You know you've been to a lot of falcon bandings when everyone ignores the banders to take pictures of the rattlesnake sunning itself just 40 feet from the drop spot.Of course, the snake was as thick as a baseball bat. Then again, you know you're in a crowd of nature enthusiasts when one person yells "Rattlesnake!", and everyone else runs toward him.
We banded at four sites on Tuesday, June 9th: West Bluff, just north of Maiden Rock, Maiden Rock, 12-Mile Bluff, right behind the Alma power plant, and Bay State Flour Milling in Winona, MN - my first flour mill! The crew consisted of Bob Anderson, his son Jeremy Anderson, Ben Ogren, and Amy Ries. We were joined by a number of people, including John Dingley, Gary Grunwald, Doug Wood, John Thiel, and several others.
We started right in with West Bluff. Ben Ogren, Bob, and I looked at West from down at the bottom. This is the cliff where Dave nearly severed his rope last year attempting to swing into the eyrie. Ben decided he would rappel down and climb into the eyrie instead. I would drop with him, get him the kennel, and provide whatever support I could. Let me explain something for any climbers that might be reading this - we weren't rigging for climbing on a dynamic rope, but for rappeling and working on a static rope. For you nonclimbers, the shock of a fall on static line is taken by your body and anchor, not the rope. Static falls can break bones, severely damage tissue, and break or rip out gear and anchors. It was critical that Ben avoid falling.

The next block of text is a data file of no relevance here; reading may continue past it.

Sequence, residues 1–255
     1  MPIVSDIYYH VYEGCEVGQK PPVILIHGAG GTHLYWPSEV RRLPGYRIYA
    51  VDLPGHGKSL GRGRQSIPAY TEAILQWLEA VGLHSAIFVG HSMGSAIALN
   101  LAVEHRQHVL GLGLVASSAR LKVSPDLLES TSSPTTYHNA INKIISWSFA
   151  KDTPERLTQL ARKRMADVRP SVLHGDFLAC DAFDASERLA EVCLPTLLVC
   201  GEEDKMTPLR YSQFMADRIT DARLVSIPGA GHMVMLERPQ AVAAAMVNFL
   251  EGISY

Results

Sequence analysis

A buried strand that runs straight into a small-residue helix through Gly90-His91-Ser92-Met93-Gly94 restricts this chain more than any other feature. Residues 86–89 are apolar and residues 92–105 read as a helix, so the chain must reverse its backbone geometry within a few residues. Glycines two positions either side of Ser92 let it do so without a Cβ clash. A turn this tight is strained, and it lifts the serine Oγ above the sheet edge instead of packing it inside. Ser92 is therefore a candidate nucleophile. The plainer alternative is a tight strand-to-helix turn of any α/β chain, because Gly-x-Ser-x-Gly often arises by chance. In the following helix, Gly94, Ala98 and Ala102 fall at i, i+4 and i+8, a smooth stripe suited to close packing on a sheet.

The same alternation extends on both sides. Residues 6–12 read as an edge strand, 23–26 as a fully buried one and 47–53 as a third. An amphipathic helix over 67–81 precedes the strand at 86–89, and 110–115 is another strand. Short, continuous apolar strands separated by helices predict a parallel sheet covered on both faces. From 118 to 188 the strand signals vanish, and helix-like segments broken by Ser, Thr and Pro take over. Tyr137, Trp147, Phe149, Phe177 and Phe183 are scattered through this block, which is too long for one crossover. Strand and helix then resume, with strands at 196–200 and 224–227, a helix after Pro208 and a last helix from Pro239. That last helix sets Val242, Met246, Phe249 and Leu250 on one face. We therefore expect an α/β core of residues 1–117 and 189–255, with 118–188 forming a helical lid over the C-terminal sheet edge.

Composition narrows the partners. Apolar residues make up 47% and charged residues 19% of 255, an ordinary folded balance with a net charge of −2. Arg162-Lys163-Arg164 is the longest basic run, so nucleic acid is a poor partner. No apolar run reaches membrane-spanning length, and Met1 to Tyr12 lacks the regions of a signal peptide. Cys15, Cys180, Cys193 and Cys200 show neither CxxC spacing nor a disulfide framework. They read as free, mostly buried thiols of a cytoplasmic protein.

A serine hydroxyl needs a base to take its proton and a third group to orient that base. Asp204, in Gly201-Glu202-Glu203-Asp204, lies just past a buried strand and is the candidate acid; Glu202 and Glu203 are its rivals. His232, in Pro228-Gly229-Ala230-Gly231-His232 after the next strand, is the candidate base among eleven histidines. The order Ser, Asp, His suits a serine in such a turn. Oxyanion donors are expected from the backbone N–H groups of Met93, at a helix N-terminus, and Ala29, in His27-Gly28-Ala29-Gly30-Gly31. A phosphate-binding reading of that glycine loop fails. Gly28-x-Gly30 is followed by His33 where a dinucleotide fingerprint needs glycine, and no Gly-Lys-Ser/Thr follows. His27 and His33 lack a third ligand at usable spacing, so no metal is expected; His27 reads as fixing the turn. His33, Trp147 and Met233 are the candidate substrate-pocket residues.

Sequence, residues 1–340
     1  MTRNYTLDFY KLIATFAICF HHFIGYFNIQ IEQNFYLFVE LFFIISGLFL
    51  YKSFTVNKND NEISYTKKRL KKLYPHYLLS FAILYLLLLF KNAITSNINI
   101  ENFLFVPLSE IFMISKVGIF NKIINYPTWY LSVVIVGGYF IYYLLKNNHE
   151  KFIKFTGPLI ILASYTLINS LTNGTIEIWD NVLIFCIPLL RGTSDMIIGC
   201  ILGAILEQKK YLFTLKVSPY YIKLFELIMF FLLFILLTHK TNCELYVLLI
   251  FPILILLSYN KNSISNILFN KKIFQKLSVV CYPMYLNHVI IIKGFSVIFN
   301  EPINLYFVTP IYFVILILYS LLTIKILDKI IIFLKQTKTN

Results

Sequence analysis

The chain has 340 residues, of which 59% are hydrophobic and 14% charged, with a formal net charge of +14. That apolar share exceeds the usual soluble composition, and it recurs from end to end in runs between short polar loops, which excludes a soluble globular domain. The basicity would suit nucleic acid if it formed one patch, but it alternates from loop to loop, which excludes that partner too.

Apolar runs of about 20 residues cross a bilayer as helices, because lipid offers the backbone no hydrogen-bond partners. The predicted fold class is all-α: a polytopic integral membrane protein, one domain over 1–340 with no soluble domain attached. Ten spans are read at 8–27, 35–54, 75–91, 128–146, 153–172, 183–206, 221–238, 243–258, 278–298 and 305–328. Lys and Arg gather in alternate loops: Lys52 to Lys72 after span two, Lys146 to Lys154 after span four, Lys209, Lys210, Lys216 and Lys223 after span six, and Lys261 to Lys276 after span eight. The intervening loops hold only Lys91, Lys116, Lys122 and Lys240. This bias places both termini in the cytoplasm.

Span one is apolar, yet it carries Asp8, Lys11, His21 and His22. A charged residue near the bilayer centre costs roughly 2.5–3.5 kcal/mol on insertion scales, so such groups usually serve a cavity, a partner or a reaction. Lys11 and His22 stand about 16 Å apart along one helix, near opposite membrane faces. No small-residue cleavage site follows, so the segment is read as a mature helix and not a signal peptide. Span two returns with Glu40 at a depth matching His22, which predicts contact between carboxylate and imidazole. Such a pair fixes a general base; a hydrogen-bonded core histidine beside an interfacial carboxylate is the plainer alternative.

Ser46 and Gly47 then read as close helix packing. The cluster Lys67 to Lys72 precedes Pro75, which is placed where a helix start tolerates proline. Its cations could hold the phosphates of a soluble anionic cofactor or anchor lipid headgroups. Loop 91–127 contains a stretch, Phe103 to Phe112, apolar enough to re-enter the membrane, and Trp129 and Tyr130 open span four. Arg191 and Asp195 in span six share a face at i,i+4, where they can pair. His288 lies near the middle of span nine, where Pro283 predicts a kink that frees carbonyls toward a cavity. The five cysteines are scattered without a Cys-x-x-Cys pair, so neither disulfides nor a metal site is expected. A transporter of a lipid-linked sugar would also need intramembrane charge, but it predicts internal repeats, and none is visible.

We got up to the top and I dropped to age the babies. Just as I got under the overhang, Bob said, "Oh, by the way, that's the spot where Dave almost severed his rope last year, so be careful." I avoided a clever response, rappeled down to the eyrie to age the babies (age: okay for banding) and kicked back to watch the Ben Ogren show. After all, the Boss had told me to be careful!
Ben got over the edge just fine (he's experienced), but had a brief moment of losing it when he got into position for climbing over to the eyrie. Our look from below completely failed to convey the sketchiness of our placement, the sheer and utter crappyness of the loosest, most brittle rock imaginable, and the lodging of Ben's rock in a large crack that was filled with sharp edges. "How hasn't one of you died!?" Ben yelled. I yelled back something encouraging about how badly the rock sucked, and Ben asked me to tell him whether or not his foot placements were good as he eased across a narrow ledge into the eyrie. I gave him feet and hand suggestions while he climbed, managed the rope and got into the eyrie. Out of the fire and into the frying pan: I lowered the kennel, he filled it with four lustily vocalizing, footing baby monsters (peregrines), and up the they went.
West is impossibly beautiful. I hope that Ben sends me photographs for posting. It looks north towards the mouth of Lake Pepin. We were about the tallest thing around, and you could see the river valley for miles. The eyrie was large and well protected by an overhang, so the babies were safe from weather, raccoons, and (judging by the whitewash and their overall health) starvation. We found blue jay remains and spotted the head of a black bird about 5 feet below us. Blue jay remains showed up at several sites this year.